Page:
Uganda's High Court has released on bail opposition leader Kizza Besigye, who is running in elections next month.
Kizza Besigye is ahead in a poll, despite being unable to campaign
He was imprisoned in November on treason, rape, firearms and terrorism charges after returning from exile.
Outside the courthouse in Kampala, police fired tear gas to disperse celebrating opposition supporters.
A judge said the extension of a military warrant keeping Dr Besigye in prison over additional terrorism charges was illegal.
"The applicant has been under illegal detention. He should enjoy his bail as granted by the High Court," said Justice John Bosco Katutsi.
"The accused should be released forthwith," he ordered.
Dr Besigye returned briefly to the High Court after his release for the start of his rape trial - before it was adjourned until Wednesday.
At that trial, a 28-year-old woman told court that Doctor Besigye raped her twice in back in 1997.
Police moved to break up celebrating crowds
After his release, thousands took to the streets and joined Dr Besigye in a lively, yet peaceful, procession towards his party headquarters.
Military police wielding batons beat some of the supporters in an attempt to move them on.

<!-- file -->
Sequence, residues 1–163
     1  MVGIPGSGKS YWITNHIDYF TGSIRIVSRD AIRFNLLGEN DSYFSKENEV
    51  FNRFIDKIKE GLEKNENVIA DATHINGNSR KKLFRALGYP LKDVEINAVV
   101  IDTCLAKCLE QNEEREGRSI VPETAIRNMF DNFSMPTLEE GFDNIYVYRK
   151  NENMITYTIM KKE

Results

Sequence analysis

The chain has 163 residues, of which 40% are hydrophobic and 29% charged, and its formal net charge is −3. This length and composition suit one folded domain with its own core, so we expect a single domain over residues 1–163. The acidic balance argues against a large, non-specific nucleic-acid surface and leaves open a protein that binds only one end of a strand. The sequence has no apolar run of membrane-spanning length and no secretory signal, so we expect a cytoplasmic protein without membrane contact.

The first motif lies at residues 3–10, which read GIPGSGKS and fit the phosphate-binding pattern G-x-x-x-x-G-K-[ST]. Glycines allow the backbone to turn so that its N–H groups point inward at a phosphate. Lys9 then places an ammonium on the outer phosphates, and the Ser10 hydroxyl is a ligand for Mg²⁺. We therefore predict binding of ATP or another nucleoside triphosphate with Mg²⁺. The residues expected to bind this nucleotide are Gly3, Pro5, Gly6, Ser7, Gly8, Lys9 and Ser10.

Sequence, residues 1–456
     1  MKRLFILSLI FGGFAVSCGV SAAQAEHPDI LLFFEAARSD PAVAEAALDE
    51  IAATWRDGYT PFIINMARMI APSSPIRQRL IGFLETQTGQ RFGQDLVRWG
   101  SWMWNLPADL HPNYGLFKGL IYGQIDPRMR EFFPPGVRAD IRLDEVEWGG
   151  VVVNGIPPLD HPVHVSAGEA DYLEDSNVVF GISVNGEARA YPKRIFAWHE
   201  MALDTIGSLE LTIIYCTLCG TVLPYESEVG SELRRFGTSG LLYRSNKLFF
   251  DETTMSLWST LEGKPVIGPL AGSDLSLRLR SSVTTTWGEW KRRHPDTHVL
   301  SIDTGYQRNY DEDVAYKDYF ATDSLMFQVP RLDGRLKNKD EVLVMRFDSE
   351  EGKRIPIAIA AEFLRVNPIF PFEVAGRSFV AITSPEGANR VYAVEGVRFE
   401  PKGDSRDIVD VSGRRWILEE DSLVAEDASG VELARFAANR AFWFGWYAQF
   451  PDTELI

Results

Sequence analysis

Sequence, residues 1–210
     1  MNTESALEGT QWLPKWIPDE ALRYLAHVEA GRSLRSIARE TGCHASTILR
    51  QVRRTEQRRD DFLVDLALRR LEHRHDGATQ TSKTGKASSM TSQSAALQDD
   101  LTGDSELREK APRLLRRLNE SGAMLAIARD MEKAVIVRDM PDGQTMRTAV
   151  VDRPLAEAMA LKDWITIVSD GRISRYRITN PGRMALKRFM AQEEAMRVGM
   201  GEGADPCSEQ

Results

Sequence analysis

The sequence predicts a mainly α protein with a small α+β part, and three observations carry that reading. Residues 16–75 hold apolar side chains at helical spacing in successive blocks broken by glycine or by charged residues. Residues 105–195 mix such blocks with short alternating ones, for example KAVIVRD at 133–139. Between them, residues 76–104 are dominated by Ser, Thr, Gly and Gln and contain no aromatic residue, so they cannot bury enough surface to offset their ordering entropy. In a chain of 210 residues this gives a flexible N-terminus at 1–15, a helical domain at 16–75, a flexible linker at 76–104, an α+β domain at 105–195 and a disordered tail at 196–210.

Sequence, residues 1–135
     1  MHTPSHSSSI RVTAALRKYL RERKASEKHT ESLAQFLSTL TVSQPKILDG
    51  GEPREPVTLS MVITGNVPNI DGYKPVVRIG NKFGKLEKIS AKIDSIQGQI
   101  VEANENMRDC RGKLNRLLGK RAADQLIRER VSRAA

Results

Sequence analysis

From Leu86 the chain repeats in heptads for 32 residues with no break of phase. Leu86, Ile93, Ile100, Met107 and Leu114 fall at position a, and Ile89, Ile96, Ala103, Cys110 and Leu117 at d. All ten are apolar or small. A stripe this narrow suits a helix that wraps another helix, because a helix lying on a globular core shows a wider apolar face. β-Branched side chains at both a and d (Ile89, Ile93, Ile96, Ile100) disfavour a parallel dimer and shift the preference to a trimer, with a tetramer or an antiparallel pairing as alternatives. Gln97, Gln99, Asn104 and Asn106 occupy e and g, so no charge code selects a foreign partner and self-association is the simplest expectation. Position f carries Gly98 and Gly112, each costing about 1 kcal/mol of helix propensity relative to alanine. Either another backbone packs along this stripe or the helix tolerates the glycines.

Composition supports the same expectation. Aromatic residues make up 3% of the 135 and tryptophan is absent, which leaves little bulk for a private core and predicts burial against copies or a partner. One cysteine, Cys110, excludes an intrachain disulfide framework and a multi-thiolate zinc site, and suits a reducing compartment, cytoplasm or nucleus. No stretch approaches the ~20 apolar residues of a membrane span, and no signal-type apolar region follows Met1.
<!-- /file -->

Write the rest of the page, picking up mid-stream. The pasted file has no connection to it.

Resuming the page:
This induced some panic and some questioned why force was being used against them.
Dr Besigye's supporters say the multiple charges in civilian and military courts are intended to stop him campaigning ahead of February's elections, in which he is facing President Yoweri Museveni.
The BBC's Will Ross says the court ruling was a victory for Dr Besigye's lawyers, but there are many battles ahead.
Kizza Besigye was once President Museveni's personal physician
Attorney General Khiddu Makubuya said he was waiting for a full copy of the judge's ruling before reacting.
Our reporter says it is possible that despite the judge's ruling, the military will move to re-arrest him because the military court has stated that it is not subordinate to the High Court.
Following the judge's decision, Dr Besigye said the government was still determined to violate his rights and warned that this was not the end.
"I can't say I'm excited. I'm relieved but not excited because we are dealing with a regime which is determined to act illegally, to violate our rights and this is not going to end today. This is just one demonstration of their illegality but it's not the end."
The Forum for Democratic Change presidential candidate also faces treason charges in a case to begin at the High Court on Friday.
The retired army colonel denies all the charges, saying they are politically motivated.
He returned from five years abroad to contest next year's polls and is viewed as the first credible challenger to Mr Museveni, who has been in power for 19 years.
These will be the first multi-party elections since Mr Museveni took power.
A small urban-based opinion poll conducted by a Ugandan newspaper suggests Dr Besigye is ahead of Mr Museveni by several percentage points - although Mr Museveni is likely to have strong support in rural areas.
Several Western donors have withdrawn direct financial support for the government in recent months, to register their concerns over democratic reforms.
Dr Besigye is expected to attend his first rally since the start of the official election campaign in Kayunga District, east of Kampala, on Tuesday.